By Uriel Heilman
JERUSALEM – On Sunday evening at sunset, I stood on a balcony in Jerusalem overlooking the Old City walls munching on finger food, mingling with colleagues and physically shaking hands at my first in-person conference since the pandemic began.
Several Knesset members were on hand, and Israeli President Reuven Rivlin dropped by to deliver remarks to the assembly, a conference on Israel-Diaspora relations held by the Israeli newspaper Makor Rishon.
But the real thrill was being at an actual gathering with over 100 people after more than a year of coronavirus restrictions. Thanks largely to Israel’s successful vaccination drive — we all had to show our inoculation certificates at the door — the evening felt like a sign that life was finally back to normal.
Just 48 hours later, I was huddled in a bomb shelter with my wife and children, rockets booming around us amid the wailing of air raid sirens in our midsize city halfway between Jerusalem and Tel Aviv.
Over the past few days, clashes in and around Jerusalem’s Old City have escalated into a full-scale confrontation — not only between Hamas and Israel, but between Arabs and Jews. Beyond Hamas’ rocket attacks on Israeli cities and Israeli airstrikes in Gaza, there have been violent riots in some Israeli cities with sizable Arab populations.
Tensions had been building steadily for days, brought on by the convergence of the last days of Ramadan, the Jerusalem Day celebration of Israel’s conquests in the 1967 Six-Day War, a court case freighted with nationalist conflict involving disputed homes in the eastern Jerusalem neighborhood of Sheikh Jarrah and an apparent pent-up appetite for confrontation.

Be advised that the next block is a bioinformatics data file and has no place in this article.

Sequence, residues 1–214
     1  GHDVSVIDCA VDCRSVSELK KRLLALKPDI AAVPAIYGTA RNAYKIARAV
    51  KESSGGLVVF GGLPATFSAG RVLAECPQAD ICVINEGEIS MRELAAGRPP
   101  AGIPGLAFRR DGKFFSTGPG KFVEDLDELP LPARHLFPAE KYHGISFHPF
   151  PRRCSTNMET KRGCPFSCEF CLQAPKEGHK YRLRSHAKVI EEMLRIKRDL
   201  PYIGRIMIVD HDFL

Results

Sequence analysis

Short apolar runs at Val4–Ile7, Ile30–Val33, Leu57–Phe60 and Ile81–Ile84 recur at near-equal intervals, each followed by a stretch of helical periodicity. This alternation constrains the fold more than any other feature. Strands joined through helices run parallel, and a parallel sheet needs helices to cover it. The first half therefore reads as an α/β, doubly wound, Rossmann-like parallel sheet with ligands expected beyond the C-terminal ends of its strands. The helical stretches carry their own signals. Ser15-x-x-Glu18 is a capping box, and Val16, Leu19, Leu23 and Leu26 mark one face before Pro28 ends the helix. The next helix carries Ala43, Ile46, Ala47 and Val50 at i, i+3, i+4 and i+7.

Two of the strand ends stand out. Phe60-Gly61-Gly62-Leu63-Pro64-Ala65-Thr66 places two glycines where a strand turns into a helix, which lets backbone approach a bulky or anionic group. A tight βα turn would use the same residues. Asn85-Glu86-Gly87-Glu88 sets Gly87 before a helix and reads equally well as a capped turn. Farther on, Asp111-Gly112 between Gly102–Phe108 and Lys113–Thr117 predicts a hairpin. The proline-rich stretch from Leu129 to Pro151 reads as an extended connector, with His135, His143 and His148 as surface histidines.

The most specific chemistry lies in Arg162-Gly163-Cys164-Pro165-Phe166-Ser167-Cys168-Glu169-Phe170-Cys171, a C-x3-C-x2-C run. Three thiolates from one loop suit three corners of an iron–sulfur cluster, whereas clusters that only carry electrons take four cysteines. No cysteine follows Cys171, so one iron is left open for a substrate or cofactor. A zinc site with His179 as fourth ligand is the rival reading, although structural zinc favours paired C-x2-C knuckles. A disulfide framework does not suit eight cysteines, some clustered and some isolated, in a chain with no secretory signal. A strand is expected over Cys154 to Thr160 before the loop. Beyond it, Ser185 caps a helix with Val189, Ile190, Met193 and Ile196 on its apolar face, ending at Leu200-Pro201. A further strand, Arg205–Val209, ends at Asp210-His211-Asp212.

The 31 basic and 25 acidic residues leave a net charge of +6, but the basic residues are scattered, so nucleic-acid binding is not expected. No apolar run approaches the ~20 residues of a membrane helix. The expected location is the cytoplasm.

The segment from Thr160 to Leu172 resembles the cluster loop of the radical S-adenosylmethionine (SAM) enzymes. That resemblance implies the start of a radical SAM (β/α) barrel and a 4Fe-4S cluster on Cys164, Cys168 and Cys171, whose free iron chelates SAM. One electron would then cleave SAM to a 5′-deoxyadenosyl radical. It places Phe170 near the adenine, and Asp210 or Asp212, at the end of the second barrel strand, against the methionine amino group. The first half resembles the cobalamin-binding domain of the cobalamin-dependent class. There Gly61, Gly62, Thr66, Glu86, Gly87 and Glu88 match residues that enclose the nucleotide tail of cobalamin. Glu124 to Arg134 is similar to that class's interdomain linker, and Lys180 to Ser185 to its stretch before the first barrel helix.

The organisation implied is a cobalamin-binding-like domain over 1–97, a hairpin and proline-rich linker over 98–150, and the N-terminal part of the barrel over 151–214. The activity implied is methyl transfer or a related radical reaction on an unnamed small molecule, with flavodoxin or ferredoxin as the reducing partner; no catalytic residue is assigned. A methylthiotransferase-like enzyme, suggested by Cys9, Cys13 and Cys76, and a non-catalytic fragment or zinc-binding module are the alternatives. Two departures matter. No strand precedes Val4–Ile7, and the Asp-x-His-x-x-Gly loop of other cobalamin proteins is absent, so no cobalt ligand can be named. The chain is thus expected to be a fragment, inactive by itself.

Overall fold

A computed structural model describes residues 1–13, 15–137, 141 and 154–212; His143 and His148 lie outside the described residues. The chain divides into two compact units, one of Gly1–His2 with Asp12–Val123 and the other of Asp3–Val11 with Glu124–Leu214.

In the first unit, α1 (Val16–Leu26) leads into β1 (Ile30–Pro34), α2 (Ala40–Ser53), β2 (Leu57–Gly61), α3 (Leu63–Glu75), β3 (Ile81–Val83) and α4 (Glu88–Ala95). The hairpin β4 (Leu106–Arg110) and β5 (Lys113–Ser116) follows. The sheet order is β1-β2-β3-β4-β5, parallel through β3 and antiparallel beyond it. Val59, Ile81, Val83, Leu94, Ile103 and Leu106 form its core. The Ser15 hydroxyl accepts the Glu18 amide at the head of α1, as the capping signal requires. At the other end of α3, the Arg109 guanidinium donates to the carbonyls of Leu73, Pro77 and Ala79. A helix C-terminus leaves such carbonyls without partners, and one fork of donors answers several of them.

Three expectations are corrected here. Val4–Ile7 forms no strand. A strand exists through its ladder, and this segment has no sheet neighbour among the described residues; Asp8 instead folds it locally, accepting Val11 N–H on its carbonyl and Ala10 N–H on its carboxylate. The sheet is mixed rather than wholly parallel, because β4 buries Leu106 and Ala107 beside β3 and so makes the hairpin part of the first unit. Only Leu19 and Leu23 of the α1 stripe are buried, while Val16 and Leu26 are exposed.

The scale of violence has taken most Israelis by surprise. Hamas rockets reached Tel Aviv, and rocket fire toward Israel’s main airport, Ben Gurion, prompted its evacuation and the halting of flights on Tuesday night. In the Arab-Jewish city of Lod, Arab-Israeli protesters torched synagogues and assaulted Jews, and Jews shot at Arabs. As of this writing, six Israelis and more than 50 Palestinians have been killed.
After a harrowing night of rocket attacks on Tuesday, Israelis are girding themselves for more. Soldiers are being dispatched to the front. Prime Minister Benjamin Netanyahu has promised greater pressure on Hamas.
The last thing that most Israelis wanted right now was a war with the Palestinians. After a pandemic year that included three extensive national lockdowns and the reordering of daily life to deal with the coronavirus, a modicum of normalcy finally had returned.
The economy was picking up again. Schools, restaurants and offices had fully reopened. The total number of active COVID-19 cases in the country had dropped to under 1,000. Families were planning in-person bar mitzvahs and weddings. I bought tickets to a rock concert for later this month. Among friends, the talk no longer was about virus numbers but about which countries we might be able to visit this summer given Israel’s enviable good health.
But ignoring the Palestinians can have consequences.